What are the songs we live by? For some, fragments of lullabies, perhaps, sung by mothers, grandmothers, nannies, older siblings. Or the soundtrack of our youth, marking the passage of time, of changing tastes, of growing up. Relationships too may have their music, shared on rooftops… Read more

Sweet Meat

It would be difficult, I thought, to write about food from your hometown. After all, you know it too well. There is comfort and culinary insight, of course, but those come at a price—that of over-familiarity, of nothing quite surprising your palate anymore. Or so I imagined. To begin with, I visited… Read more

The Bard’s World

It begins and finishes with the word. Two texts bookend this exhibition—the first is a copy of First Folio, edited after Shakespeare’s death by his colleagues Heminge and Condell and published in 1623. In a stroke, they transformed the playwright from a conjuror of the spoken… Read more

The Ending of the World

I’m trekking the crest of a smoothly rolling slope in the South Downs of East Sussex on a rare sunny afternoon. I may be lost, but the sun is sliding warmly off the grass, the air is filled with the rich smells of the countryside, and I have company: a herd of solemn-eyed Sussex cattle… Read more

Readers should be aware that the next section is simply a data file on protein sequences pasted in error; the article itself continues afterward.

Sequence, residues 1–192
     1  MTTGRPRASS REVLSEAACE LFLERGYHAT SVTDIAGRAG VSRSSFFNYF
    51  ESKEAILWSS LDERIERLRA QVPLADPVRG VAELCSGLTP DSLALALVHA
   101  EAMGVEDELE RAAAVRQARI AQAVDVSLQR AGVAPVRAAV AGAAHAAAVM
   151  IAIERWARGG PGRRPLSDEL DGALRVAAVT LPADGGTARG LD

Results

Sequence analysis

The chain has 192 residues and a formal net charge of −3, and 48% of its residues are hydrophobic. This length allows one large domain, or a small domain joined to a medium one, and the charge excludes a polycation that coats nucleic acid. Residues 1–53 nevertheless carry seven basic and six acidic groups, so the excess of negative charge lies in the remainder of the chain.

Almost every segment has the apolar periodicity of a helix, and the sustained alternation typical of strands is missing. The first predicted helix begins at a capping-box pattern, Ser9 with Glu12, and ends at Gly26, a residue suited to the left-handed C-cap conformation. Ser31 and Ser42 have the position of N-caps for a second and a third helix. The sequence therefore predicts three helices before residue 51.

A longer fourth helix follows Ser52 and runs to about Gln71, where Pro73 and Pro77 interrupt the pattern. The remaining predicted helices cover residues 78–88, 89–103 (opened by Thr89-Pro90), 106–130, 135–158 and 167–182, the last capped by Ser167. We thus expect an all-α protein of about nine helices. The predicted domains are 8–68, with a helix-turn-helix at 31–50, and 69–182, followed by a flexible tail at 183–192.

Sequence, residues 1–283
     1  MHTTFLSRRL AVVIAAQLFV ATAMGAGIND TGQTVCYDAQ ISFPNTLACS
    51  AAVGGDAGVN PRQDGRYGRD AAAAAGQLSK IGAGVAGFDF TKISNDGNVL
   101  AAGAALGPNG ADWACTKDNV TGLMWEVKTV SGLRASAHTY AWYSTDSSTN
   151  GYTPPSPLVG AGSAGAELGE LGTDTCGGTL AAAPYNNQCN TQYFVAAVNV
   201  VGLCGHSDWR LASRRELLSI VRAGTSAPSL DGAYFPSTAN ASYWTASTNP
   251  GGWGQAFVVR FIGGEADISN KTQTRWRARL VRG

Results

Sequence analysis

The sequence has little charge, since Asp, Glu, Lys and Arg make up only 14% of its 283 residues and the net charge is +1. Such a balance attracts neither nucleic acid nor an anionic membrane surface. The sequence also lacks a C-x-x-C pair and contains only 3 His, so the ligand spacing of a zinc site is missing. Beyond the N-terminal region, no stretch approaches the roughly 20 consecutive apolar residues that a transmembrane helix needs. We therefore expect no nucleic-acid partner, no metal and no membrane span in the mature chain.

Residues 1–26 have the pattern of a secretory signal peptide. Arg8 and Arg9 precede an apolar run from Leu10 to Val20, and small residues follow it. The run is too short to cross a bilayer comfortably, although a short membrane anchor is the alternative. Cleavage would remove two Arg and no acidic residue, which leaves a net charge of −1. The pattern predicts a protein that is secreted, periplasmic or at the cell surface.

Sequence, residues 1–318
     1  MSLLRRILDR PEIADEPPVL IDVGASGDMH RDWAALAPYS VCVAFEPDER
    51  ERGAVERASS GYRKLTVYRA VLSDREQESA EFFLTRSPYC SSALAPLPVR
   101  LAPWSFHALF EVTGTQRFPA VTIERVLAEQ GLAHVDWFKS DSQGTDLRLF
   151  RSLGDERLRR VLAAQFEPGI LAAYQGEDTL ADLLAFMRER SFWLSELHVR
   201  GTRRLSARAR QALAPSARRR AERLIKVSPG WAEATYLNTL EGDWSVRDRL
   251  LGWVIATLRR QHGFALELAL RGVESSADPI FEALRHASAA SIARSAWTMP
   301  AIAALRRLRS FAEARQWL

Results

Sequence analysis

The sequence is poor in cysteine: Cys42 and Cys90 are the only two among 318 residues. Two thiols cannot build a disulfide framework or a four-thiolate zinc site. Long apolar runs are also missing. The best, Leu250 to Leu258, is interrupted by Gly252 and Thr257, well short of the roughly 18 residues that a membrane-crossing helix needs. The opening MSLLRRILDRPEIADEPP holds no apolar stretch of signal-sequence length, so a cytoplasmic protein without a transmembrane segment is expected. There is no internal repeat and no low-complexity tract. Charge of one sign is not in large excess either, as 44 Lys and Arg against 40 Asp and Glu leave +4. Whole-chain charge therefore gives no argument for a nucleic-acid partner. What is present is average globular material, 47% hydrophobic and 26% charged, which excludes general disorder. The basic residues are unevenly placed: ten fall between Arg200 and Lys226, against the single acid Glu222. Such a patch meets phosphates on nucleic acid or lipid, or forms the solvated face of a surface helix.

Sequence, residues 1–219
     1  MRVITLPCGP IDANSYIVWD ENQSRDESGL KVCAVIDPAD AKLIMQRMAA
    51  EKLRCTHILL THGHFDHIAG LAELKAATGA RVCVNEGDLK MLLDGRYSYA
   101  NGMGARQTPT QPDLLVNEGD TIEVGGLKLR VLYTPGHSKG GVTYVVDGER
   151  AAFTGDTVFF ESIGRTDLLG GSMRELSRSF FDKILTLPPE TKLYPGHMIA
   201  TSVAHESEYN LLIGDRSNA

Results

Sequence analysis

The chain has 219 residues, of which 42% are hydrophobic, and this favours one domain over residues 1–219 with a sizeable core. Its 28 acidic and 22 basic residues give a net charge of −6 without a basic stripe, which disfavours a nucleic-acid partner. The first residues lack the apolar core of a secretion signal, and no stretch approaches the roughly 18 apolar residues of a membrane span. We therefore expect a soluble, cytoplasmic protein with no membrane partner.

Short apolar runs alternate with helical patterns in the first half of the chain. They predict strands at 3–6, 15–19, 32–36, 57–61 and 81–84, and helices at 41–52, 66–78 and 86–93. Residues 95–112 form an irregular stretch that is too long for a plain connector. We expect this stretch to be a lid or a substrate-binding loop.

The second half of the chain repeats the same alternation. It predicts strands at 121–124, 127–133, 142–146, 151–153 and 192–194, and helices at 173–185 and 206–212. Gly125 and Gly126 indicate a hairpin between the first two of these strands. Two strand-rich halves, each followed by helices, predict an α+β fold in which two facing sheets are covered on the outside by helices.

The Listeners

Often, if not always, I’m asked as a writer, who my literary influences are. Which authors shaped my written world. Which books stayed with me. Which ones I’ve reread time and time again. These aren’t the easiest of questions — how to pick from so many? And usually my replies tend to… Read more

The Long and Winding Road

I don’t pledge allegiances easily. I wouldn’t say I’m a ‘mountain person’ or that I only like beaches or rivers or jungles. For me, being outdoors, in the wilderness, at whatever altitude or distance from the sea, is exhilarating enough. I work as a doctor with the Indian Air Force, and am lucky… Read more

The Princess of Arts

Like many others, I encountered Maharaj Kumari Binodini Devi only after her death. She succumbed to a brief illness on 17 January 2011. My quest to write a profile on her was made more difficult by the fact that I couldn’t access her writing, whether through the internet or friends… Read more

Wrapped in Twine

A two-hour drive southwest out of Shillong takes us to a village named after my favourite fruit, Sohïong. A black, fleshy cherry transformed by my mother every summer into juice, jam and wine. We’ve left the sprawl of town far behind, and the countryside is pleasingly open… Read more